Like the rest of you, I’ve spent the last two days trapped in the tenth circle of Hell—which is, if you were unaware, a new circle now populated by those poor souls condemned by racist-classist-misogynistic-homophobic-transphobic bigots. It’s a lovely crowd here, I must say.
And since my brain’s quietly melting in horror, making it very difficult to get anything done, I’ve been relying on your blogs to fill my free time—and boy, did you guys deliver.
Three discussion posts in particular I wanted to give shout-outs too, because they’re great and you might want read them. Behold:
Female Rage & Romance
Even though I rarely read adult romance, I took one look at the title of this post and thought, YEP. I NEED THIS. And yep, I did need it.
After reading Amanda Bouchet’s A Promise of Fire (an adult fantasy romance), Book Riot’s Amanda Diehl had a revelation: what was truly captivating about the book was the heroine’s experience of and struggle with rage, which is surprisingly and unfortunately rare to see in romance (and, I’ll add, YA).
Diehl discusses female rage as perceived by society, and explores the possible reasons for its (general) absence from the romance genre.
In our daily lives, women struggle with feeling minimized. Manspreading on the subway has our body contorting and folding in on itself. Our emotions have to be tempered and even-keeled, lest we’re labeled unhinged or crazy. Our facades have to pleasant, always smiling. And sometimes, I feel that often a heroine’s presence in romance or her role is for the benefit of the hero, rather than the other way around. The hero is the tortured one. The hero is the baggage. The hero insists that he’ll never love again.
All things tough and ugly and difficult and traumatic (with the exception of rape, but rape and sexual assault as a common backstory are a topic for another day), are attributed to the hero. And frankly, that’s bullshit. Women go through the same emotions as men, the only catch is the stigma related to expressing those emotions, which—let me tell you—can lead to some pretty expensive therapy bills.
[…] I think one of the main reasons why the onus of ugliness, shall we say, is placed on the hero, is that a heroine has to be likable.
And, as everyone knows, a woman who expresses anger isn’t particularly likable. (*Eye twitch.*)
There have been some notable new YA releases featuring young women who experience and even succumb to rage, including And I Darken and The Young Elites trilogy, but (in my humble opinion) we need more. These women are fascinating and relatable in ways the fluffy heroines of lighter books aren’t designed to be, and they have important stories to tell.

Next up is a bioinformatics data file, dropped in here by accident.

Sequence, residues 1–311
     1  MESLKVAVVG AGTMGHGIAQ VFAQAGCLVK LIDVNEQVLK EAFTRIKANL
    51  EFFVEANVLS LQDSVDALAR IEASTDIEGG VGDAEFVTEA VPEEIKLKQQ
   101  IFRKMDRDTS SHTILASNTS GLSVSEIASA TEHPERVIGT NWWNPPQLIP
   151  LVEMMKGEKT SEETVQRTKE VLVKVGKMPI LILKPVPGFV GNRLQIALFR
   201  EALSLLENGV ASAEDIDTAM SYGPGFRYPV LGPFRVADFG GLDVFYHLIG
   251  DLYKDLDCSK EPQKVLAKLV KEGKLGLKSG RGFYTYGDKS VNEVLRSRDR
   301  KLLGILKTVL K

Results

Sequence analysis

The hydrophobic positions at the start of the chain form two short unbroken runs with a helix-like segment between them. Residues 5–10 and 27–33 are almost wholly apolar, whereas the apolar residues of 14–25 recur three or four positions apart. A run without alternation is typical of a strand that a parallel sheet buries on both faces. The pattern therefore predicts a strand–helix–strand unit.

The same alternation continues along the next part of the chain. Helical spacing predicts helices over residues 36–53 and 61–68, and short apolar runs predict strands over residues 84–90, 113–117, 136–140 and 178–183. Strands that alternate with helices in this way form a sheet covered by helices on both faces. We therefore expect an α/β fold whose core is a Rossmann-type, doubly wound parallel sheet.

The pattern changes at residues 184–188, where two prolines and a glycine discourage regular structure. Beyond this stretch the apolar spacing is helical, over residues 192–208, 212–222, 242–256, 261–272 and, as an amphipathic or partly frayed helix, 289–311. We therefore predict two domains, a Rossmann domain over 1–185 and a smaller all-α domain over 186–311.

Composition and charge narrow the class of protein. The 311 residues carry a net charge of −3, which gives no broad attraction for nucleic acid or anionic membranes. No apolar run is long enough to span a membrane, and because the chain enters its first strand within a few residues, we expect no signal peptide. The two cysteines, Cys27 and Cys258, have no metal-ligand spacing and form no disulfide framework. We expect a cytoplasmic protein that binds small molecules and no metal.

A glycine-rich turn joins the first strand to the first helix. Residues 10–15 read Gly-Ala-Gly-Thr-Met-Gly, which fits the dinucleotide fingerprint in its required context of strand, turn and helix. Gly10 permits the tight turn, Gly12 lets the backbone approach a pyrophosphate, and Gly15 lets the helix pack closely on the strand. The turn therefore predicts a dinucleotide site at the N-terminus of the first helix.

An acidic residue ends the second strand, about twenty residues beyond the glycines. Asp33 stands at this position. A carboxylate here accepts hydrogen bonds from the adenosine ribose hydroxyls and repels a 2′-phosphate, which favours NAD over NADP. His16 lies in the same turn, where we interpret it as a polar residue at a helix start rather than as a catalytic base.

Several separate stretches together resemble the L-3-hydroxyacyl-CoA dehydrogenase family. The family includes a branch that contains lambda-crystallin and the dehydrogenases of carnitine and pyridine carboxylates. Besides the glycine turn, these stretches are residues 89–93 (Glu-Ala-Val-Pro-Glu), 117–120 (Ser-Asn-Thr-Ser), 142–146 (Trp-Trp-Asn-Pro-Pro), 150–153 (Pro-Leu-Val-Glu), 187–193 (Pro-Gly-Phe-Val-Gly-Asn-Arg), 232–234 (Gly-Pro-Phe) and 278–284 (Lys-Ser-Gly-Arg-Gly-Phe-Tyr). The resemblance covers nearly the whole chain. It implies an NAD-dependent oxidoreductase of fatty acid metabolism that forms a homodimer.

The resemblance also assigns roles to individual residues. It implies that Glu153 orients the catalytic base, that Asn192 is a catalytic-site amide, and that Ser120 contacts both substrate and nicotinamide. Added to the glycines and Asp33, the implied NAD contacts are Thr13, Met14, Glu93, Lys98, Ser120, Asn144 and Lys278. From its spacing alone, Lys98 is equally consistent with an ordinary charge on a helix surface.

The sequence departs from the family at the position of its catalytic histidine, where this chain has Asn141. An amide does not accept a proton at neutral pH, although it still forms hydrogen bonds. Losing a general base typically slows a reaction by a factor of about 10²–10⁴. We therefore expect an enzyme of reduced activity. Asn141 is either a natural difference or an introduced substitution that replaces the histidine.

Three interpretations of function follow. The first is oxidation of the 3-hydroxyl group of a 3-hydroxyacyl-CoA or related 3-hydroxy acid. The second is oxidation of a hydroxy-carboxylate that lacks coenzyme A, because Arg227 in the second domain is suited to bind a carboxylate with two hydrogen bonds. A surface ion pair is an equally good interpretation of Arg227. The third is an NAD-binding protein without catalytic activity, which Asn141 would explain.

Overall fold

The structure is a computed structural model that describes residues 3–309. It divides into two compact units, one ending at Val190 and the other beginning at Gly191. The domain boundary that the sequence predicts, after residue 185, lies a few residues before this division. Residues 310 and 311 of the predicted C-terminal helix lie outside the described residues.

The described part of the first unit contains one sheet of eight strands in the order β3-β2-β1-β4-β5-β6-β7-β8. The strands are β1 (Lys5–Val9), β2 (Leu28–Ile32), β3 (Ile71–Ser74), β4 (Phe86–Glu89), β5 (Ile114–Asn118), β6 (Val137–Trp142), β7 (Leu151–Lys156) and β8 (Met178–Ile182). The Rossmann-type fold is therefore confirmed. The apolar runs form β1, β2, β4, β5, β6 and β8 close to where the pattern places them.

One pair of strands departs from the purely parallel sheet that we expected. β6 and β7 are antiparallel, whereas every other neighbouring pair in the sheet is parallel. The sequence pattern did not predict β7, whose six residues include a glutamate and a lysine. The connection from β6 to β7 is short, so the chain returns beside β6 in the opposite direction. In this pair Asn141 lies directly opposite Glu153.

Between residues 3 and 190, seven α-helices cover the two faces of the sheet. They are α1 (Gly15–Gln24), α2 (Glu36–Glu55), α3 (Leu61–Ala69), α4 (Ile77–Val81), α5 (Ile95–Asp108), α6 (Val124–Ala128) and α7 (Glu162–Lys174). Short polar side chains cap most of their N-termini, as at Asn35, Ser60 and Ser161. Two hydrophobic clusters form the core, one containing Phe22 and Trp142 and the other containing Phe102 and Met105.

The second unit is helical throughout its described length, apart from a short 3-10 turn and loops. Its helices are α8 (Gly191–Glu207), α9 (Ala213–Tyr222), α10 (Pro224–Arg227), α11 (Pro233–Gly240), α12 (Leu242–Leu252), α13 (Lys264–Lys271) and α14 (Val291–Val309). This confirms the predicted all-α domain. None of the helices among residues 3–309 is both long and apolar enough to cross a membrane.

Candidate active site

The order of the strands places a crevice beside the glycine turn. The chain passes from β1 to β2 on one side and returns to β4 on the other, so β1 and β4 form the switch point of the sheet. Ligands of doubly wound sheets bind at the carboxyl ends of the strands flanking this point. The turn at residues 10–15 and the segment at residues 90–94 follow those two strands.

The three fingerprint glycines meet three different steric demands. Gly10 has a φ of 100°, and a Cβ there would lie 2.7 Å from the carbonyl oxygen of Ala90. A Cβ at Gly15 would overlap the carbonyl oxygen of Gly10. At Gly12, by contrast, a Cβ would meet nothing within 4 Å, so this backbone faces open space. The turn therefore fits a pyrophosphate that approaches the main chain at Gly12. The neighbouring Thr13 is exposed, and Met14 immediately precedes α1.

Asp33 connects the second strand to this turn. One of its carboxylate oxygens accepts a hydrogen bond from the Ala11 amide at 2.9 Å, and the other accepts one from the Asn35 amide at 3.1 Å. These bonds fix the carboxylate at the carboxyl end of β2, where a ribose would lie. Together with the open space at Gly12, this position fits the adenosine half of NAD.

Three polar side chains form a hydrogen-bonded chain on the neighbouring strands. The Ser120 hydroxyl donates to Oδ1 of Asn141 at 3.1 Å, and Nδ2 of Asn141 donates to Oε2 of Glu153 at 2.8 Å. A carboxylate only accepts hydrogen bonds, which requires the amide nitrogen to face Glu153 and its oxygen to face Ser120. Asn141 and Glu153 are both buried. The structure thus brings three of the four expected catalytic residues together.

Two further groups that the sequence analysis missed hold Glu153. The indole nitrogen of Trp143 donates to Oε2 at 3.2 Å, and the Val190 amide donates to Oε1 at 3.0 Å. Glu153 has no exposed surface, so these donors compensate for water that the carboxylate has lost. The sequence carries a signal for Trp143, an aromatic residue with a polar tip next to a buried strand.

Check out Diehl’s article here.
DIANA PRINCE REVIEWS:
To Review or Not to Review A Court of Thorns and Roses by Sarah J. Maas
Wait, hold on, don’t let the title of Diana’s discussion post mislead you. She doesn’t ponder the dilemma of reviewing a popular book (though that could be interesting). Nope, she does something even better: she contrasts Tamlin’s behavior in ACOTAR with that of the Beast in the Beauty and the Beast fairy tale (one of Maas’s inspirations for ACOTAR), and lays to rest the question of whether or not the Beast’s behavior is abusive.
[…] Tamlin is the absolute worst kind of gorgeous, brooding hunk, and that’s an emotionally abusive brooding hunk, who takes everything I love about the Beauty & the Beast story and twists it into something uncomfortable at best, borderline cruel at worst.
As a huge Beauty and the Beast fan, and someone who loved the portrayal of Feyre’s trauma in A Court of Mist and Fury (the sequel to ACOTAR, for those of you who live under rocks), I thought this whole post was fantastic.
Go forth and read Diana’s awesomeness here.
THE BOOK AVID:
How to Enjoy a Problematic Book and Not Be a Jerk About It
Do you have a book blog? Do you not want to be a jerk? Well, The Book Avid offers some valuable advice: it’s totally fine to enjoy and promote a book with problematic aspects (unquestioned racism, an abusive relationship presented as romantic, etc.), but you need to know how not to unintentionally endorse problematic attitudes and behaviors.
For most adults that are aware of the problematicness and just enjoy a book for the entertainment value this may be all common sense – but consider that especially when we’re talking YA, our actions don’t go without consequences. Many actual teenagers read YA, are active in the fandoms, and we have a responsibility towards them. Romanticization is not a joke and can seriously mess somebody up when people around you tell you early on that problematic behavior is okay.
I support people not being jerks, and you should too. You can read Book Avid’s handy tips to avoid jerkishness here.
Your Source of Positivity
Okay, so I’m kind of reconsidering this entire post, because all three of the articles featured above discuss pretty negative topics. So let’s follow them up with two lovely and uplifting posts from Fadwa at Word Wonders:
- Keep Looking at the Bright Side (tips on maintaining positivity during dark times)
- Things That Will Never Get Old to a Book Blogger (celebrating the awesome side of book blogging).
Thanks for bringing sunshine into all our lives, Fadwa!
Which neat articles and reviews really stuck out for you guys this week? What awesome things did you write and want to show off? Let me know!